But Lancaster says something compelling about today’s sermon. He says that the whole summation of the entire epistle can be found in these verses. Really?

However, we have to be willing to accept some speculation on his part about the meaning of the “varied and strange teachings”. There’s no way to know for sure what they really were, but Lancaster has a theory. The thinks that these strange teachings were some odd, mystical interpretation about the meaning of the sacrifices, particularly the peace and sin offerings, which are the only ones that were eaten.

Lancaster guesses that some teachings were being circulated, probably by the Sadducees who were in control of the Temple, stating that unless the priest actually eats of the sacrificial portion in the presence of the person making the offering, the offering was ineffective. Or unless the sin offering were completely burned, the sins were not forgiven.

Again, this is pure guesswork on Lancaster’s part, but I thought it sounded sort of like the following:

“Woe to you, blind guides, who say, ‘Whoever swears by the temple, that is nothing; but whoever swears by the gold of the temple is obligated.’ You fools and blind men! Which is more important, the gold or the temple that sanctified the gold? And, ‘Whoever swears by the altar, that is nothing, but whoever swears by the offering on it, he is obligated.’ You blind men, which is more important, the offering, or the altar that sanctifies the offering? Therefore, whoever swears by the altar, swears both by the altar and by everything on it. And whoever swears by the temple, swears both by the temple and by Him who dwells within it. And whoever swears by heaven, swears both by the throne of God and by Him who sits upon it.”

-Matthew 23:16-22

PriestsSwearing by the Temple vs. swearing by the gold in the Temple; yeah, that sounds like a strange and diverse teaching, too. Lancaster believes the writer of the Hebrews letter was saying that the priesthood was circulating strange teachings about the animal sacrifices indicating they meant far more than they actually did. This was an attempt to pile on more pressure, since the readers of the letter, the Greek-speaking believing Jews, had been exiled from the Temple, the priesthood, and the sacrifices. If these Jews thought that not offering sacrifices meant, on some mystic level, that they were exiled from God, they might actually abandon faith in Messiah for the sake of offering korban.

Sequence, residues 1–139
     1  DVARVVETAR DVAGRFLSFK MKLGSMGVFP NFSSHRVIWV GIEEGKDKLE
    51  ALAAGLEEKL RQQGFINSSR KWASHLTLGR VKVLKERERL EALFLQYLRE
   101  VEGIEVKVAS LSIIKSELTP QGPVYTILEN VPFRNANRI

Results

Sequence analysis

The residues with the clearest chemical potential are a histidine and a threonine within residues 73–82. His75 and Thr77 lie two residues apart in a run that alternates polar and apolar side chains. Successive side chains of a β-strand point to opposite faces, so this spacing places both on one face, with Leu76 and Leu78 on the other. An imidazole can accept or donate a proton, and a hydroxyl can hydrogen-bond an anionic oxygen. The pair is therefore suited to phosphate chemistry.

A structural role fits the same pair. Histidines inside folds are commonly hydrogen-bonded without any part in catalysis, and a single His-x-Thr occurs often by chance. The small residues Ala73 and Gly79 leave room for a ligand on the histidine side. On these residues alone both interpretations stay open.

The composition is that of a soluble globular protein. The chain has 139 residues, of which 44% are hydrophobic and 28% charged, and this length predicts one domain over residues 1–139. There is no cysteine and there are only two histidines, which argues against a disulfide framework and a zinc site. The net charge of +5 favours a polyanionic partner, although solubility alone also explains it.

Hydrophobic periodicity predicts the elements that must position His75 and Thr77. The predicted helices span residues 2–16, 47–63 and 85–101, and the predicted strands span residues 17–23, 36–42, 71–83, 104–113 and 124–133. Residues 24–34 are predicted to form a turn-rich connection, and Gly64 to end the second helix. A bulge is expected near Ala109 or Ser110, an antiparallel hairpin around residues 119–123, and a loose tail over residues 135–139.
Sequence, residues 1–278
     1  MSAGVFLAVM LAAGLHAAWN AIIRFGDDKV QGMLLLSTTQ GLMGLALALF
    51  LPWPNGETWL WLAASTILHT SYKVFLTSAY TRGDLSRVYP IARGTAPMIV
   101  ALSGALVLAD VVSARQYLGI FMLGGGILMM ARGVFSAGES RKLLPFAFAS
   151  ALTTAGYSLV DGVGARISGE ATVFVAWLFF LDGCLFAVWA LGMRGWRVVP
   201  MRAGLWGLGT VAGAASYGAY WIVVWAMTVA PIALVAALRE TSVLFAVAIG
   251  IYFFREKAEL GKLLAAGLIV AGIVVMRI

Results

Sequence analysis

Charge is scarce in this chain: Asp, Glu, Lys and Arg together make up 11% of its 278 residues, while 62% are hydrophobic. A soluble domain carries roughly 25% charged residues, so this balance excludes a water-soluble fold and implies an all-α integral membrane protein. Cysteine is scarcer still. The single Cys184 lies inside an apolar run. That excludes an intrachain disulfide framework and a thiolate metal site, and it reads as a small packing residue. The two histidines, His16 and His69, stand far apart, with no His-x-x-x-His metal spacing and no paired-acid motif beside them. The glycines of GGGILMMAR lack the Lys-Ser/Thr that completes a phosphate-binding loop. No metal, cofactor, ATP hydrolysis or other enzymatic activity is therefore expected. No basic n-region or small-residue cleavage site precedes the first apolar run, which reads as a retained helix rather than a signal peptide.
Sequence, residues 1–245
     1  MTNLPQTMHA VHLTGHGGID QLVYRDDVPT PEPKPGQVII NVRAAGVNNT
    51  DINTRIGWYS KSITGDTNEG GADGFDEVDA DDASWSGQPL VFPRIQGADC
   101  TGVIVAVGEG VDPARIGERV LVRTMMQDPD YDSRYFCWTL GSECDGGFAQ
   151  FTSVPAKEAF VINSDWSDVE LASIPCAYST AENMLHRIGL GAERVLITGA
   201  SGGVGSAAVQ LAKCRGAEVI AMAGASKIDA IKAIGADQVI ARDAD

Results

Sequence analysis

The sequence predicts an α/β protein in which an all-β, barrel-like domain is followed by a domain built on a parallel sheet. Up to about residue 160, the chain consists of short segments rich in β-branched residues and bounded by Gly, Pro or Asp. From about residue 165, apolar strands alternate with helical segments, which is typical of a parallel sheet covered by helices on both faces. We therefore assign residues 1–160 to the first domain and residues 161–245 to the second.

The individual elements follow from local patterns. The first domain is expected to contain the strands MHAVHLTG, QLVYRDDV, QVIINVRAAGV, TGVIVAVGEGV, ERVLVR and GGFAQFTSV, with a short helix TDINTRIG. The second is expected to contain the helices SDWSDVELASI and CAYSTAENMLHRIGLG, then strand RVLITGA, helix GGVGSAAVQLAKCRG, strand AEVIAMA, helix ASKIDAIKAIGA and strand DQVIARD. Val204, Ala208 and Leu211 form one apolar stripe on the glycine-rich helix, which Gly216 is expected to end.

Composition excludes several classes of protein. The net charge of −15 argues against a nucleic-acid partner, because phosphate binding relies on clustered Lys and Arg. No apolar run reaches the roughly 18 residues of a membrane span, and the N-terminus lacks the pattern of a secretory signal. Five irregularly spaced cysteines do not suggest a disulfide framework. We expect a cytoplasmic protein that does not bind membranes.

Do not be carried away by varied and strange teachings; for it is good for the heart to be strengthened by grace, not by foods, through which those who were so occupied were not benefited.

-Hebrews 13:9

But God’s grace and favor doesn’t come from “mystic food”, it comes from faith.

Lancaster offered the example of the Catholic Church from the Middle Ages to the present. Even in the present-day Catholic Church, the Church can refuse to offer the sacrament of the eucharist, Holy Communion, to a Catholic who has gone against church teaching, perhaps by supporting abortion rights for example. It is a terrible shame to be excommunicated and many Catholics are successfully manipulated by the pressure to at least publicly change their beliefs so they can regain access to Communion.

This is sort of how Lancaster sees what the Jewish letter readers were going through.

Except, like the eucharist, the sacrifices are not “magic food”. Simply offering and eating doesn’t impart or remove God’s grace and blessing apart from the believer’s faith and devotion to God. Verse 9 says the heart is strengthened by grace, not food. It also says that if eating the “magic food” was so effective, how come the corrupt priesthood of Sadducees was still so wicked?

We have an altar from which those who serve the tabernacle have no right to eat.

-Hebrews 13:10